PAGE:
Red Sox Notes: Bullpen Picks Up Clay Buchholz With Clutch Performance

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If we told you the Boston Red Sox’s bullpen was tasked with recording 18 outs against one of the most dangerous offenses in baseball, you’d probably expect the worst.

Allow Boston’s relievers to convince you otherwise.

Red Sox starter Clay Buchholz was roughed up Sunday at Rogers Centre, surrendering six runs in just three innings as the Toronto Blue Jays jumped out to an early lead. That placed a huge burden on Boston’s relief unit, which has been one of the team’s Achilles’ heels this season.

But the Red Sox’s relievers were up to the challenge Sunday. After Heath Hembree gave up a two-run homer to Edwin Encarnacion in the fourth inning, a combination of six pitchers held the Blue Jays scoreless over the final five innings to help Boston earn an important 11-8 win.

“This was about one guy picking up another,” Red Sox manager John Farrell told reporters after the game, as seen on NESN’s “Extra Innings LIVE.” “Clay exits early, we go to the bullpen, the offense climbs right back into it. So, every out by guys coming out of the bullpen was key, all the way down to Noe Ramirez’s one out to set it up to piece together the fifth inning.”

Ramirez was one of four Red Sox relievers who pitched less than a full inning, as Farrell constantly mixed and matched in the late innings.

But the most promising performances came in the back end of the bullpen. Brad Ziegler struck out three batters over 1 2/3 innings to bridge the gap to Koji Uehara and Craig Kimbrel, who pitched scoreless eighth and ninth innings, respectfully, to shut the door.

“Our guys did a great job,” Farrell added. “Again, Ziegler with (1 2/3 innings), every out was key. Matt Barnes coming in for a key ground ball out to end the inning. Koji, who’s now back in the mix, while his stuff might not be as crisp as we’ve seen in the past, he goes through another key part of that order to get another zero on the board.

“Like I said, this was one guy picking up the next, and it required that (Sunday).”

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Let’s hit a few other notes from Red Sox-Blue Jays:

— It appears Jackie Bradley Jr. really enjoys hitting in the nine hole.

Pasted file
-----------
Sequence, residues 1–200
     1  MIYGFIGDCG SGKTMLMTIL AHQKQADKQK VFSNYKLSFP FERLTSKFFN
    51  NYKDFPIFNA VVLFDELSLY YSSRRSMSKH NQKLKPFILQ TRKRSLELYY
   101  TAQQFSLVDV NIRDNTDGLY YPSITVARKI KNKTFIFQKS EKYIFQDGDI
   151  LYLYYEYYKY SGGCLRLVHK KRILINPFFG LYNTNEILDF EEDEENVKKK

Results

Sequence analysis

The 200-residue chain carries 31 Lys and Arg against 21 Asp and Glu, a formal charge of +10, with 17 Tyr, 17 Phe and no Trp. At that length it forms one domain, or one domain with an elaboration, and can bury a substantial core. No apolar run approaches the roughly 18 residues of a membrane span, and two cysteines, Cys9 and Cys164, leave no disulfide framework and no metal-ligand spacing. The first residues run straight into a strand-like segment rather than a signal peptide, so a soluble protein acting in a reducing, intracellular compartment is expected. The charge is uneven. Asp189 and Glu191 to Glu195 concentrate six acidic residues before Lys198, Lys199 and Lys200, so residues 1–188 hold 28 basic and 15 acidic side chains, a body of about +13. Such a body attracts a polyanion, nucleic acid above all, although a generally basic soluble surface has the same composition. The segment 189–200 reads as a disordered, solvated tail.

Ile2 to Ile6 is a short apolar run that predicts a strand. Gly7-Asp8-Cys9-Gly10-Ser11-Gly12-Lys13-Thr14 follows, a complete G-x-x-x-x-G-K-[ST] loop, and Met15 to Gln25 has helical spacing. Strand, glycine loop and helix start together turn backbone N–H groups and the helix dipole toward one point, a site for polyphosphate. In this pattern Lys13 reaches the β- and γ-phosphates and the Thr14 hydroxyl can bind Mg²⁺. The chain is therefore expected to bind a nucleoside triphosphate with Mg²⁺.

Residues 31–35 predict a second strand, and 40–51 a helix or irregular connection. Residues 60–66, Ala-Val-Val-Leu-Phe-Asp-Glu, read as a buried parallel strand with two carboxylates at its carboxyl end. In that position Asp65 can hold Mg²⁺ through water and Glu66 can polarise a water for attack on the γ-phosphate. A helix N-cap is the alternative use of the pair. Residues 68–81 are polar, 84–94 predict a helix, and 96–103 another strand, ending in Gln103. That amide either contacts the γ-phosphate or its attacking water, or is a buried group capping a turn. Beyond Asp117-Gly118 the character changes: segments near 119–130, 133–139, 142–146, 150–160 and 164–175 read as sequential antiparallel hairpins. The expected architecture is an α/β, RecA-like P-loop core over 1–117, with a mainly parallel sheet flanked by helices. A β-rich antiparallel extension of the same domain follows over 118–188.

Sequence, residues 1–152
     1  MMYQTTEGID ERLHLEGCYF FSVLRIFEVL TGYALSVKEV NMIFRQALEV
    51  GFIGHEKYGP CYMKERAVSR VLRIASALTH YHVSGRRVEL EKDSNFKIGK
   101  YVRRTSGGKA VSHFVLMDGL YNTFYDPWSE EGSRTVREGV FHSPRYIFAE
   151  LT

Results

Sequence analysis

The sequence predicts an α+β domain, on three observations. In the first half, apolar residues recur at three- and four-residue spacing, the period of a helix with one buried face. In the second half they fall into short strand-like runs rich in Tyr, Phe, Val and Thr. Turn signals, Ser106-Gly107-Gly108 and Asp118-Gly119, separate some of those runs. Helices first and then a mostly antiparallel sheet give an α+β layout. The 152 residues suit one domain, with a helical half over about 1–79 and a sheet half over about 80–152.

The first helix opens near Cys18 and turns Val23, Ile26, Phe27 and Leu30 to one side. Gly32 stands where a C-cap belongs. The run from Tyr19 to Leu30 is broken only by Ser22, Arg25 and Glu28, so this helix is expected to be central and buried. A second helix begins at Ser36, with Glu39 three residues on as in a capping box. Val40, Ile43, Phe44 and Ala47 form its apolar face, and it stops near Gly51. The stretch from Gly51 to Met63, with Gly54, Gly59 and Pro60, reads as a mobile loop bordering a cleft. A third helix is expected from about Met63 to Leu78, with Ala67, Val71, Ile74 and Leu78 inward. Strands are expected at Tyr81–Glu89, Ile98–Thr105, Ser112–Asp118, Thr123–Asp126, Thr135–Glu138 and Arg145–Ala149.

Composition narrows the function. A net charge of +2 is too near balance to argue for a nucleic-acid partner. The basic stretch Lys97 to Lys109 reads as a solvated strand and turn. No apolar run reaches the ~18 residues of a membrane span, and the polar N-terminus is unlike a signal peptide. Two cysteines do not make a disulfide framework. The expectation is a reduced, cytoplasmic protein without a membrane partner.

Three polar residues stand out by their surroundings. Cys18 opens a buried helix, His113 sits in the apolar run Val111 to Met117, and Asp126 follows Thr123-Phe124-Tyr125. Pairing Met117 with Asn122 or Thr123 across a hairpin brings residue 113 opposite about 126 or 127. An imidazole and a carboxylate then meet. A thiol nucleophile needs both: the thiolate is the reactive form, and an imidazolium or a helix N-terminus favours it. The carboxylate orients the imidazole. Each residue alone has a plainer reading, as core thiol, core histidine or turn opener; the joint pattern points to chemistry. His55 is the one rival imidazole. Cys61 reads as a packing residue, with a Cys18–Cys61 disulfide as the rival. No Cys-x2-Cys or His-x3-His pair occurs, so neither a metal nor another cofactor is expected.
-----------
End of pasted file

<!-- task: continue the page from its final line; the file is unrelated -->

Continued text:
The Red Sox center fielder blasted a three-run homer to cap a 2-for-4, three-RBI, two-run day. In 35 games as Boston’s No. 9 hitter this season, Bradley is batting .353 with four homers, 26 RBIs and a .994 OPS.

— Another win for the Red Sox gave them a two-game lead over the Blue Jays in the American Leagues East with just 20 games remaining. It also allowed Bradley and Co. to deliver an encore performance of their new “Ski Jump” celebration.

You might want to hold onto those sunglasses next time, Jackie.

— Dustin Pedroia tallied two more hits Sunday to bring his batting average to .329, just 10 percentage points behind Jose Altuve for the best in the American League.

The Red Sox second baseman is having one of the best seasons of his career at 33 years old, and it appears self-preservation is a big reason why. In an interview with WEEI.com’s Rob Bradford on Saturday, Pedroia admitted he hasn’t taken batting practice outside in two months.

“I’ve been around long enough to know hitting BP is irrelevant,” Pedroia said, via WEEI.com. “We do it everyday because that’s what everybody has done for however many years. If you find a way to stay fresh by not doing that, it’s a good thing.”

— Yoan Moncada made a baserunning blunder in Saturday’s loss, but Farrell insisted he’ll still use the Red Sox rookie in pinch-running situations.

“In a two-out situation, he’s the one guy (off the bench) that can score a run on a ball down the line,” Farrell said before Sunday’s game, via MassLive.com. “He’s got to learn from (Saturday).”

Thumbnail photo via Nick Turchiaro/USA TODAY Sports Images

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